Tony Woods, DC comedy vet and Dave Chappelle mentor, cracks up Birchmere

WTOP's Jason Fraley previews Tony Woods at The Birchmere

“I want to give a special shout out to my O.G., Tony Woods,” Dave Chappelle said upon accepting the Mark Twain Prize at the Kennedy Center in 2019. “You were the first person I ever saw do it absolutely right. You were fearless and you told the truth.”

Indeed, Woods has dominated the local standup scene for decades, a streak he looks to continue this Saturday night at The Birchmere in Alexandria, Virginia.

It’s his first show back since the coronavirus pandemic shut down comedy clubs.

“Except for doing like friends’ backyards,” Woods told WTOP. “It starts out as karaoke, then it’s always like, ‘Hey, Tony, you should tell some jokes.’ But just for like friends and family, which is not the show that you do at a club … with no 2 year olds.”

Typically, his routines aren’t overtly political, but this year is different.

“I’m not like a Jon Stewart or Trevor Noah,” Woods said. “If it comes up, it comes up. … I focus more on funny and relative, but right now, what’s relative is important. There’s no escaping it. … It’ll be more on the social climate than the political climate, which seem to be combining themselves these days. 2020: even vision in both eyes.”

Born in New York and raised in North Carolina, Woods moved to D.C. when he was 10 years old and spent his teenage years in Aspen Hill aka Silver Spring, Maryland.

“I’ve always been a big fan of WTOP,” Woods said. “My first car was what was Audi 100 LS and it only had AM radio. … WTOP is on FM now, but [the transmitter] was on Georgia Avenue. When you cross over the line into Silver Spring on Georgia Avenue, then you go under the bridge and, boom, WTOP was right there.”

While WTOP fed him the news, local comedy clubs sparked his interest in comedy.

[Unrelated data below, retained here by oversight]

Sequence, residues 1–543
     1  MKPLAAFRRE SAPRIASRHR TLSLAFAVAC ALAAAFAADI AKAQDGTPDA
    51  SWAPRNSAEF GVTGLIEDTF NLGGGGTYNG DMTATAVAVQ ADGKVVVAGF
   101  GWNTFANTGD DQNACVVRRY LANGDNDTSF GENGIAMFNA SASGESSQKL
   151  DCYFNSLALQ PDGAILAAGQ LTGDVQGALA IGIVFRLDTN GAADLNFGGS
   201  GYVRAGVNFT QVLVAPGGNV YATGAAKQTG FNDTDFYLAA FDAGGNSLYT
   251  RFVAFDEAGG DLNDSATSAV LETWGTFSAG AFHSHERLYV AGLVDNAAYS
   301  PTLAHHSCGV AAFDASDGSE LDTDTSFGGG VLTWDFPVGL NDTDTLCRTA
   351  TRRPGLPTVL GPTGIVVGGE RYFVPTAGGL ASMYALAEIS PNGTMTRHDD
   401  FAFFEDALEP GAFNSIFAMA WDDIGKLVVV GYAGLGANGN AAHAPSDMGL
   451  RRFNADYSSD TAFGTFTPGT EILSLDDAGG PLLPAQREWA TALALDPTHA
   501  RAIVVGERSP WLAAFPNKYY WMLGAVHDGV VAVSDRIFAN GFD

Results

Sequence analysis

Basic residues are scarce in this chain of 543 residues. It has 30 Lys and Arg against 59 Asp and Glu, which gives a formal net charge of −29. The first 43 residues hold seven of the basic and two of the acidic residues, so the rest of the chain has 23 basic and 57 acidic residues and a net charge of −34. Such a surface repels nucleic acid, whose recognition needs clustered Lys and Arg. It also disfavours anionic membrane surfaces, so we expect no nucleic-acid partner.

“The comedy club was right there on Connecticut Avenue and Calvert Street,” Woods said. “I used to think, ‘What do they talk about in there?’ Because they had pictures of like George Carlin and Richard Pryor and stuff like that, but in my mind, I thought I can go in and see them guys, but nah, comedy clubs just put up the famous comedians.”

Still, his real comedy idols were his uncles.

“I had two uncles named uncle Jimmy, one of my mom’s side, one of my dad’s side,” Woods said. “I just figured everybody named Jimmy must be super hilariously funny.”

All joking aside, he listened to comedy albums by all the greats.

“[I admired] Jonathan Winters,” Woods said. “When I was 11 or 12 was when I found out that stand-up comedy was an art form. … The albums that we had were Bob Newhart, Flip Wilson, Redd Foxx, Richard Pryor and Bill Cosby. … Every blue moon somebody will say, ‘Anybody ever tell you that you remind them of Bob Newhart?'”

At age 23, he debuted at the Comedy Cafe on K Street between 15th and 16th.

“That’s where we all met,” Woods said. “Wanda Sykes started there, Tommy Davidson … Martin Lawrence started there, Dave [Chappelle] started there, Lewis Black used to do comedy there, Patton Oswalt, all of the D.C. comics. Everybody had a desire.”

He left to serve in the military from 1989-1991 during Desert Storm.

“I’d done active duty before that, so when I got out, I was just in the ready reserves and I was like, ‘Wow, this is easy money,’ until they said, ‘Guess what, dawg? It’s time to pay the piper, fool,'” Woods said. “So I was in Camp Pendleton out in California … Cherry Point … Bahrain, the ‘Paris of the Middle East,’ they say. … It shapes you.”

When he returned, all of his old D.C. comedy friends had moved on.

“I got back and seems like everybody just zoomed out on me,” Woods said. “Warren Hutcherson and Dave moved to New York and things were just popping for guys. I took the road less traveled. I started doing international stuff. … I did the Edinburgh Festival … a whole bunch of stuff in the United Kingdom, Australia, Germany, all over Canada.”

While he enjoyed his travels, he wonders if he should have stayed stateside.

“I probably should have just headed straight to Los Angeles,” Woods said. “I got to see the world, but just imagine you get a hit TV show and become an action hero like I wanted to be, then I could have just went there on vacation. Then again, I wouldn’t have been able to experience it as a regular guy. … It’s a double-edged sword.”

Imagine the posters — Tony Woods cracking skulls while cracking up comedy clubs.

“I still could be an action hero, baby,” Woods said. “I’m ready.”

Listen to the full conversation with Tony Woods

Jason Fraley

Hailed by The Washington Post for “his savantlike ability to name every Best Picture winner in history," Jason Fraley began at WTOP as Morning Drive Writer in 2008, film critic in 2011 and Entertainment Editor in 2014, providing daily arts coverage on-air and online.

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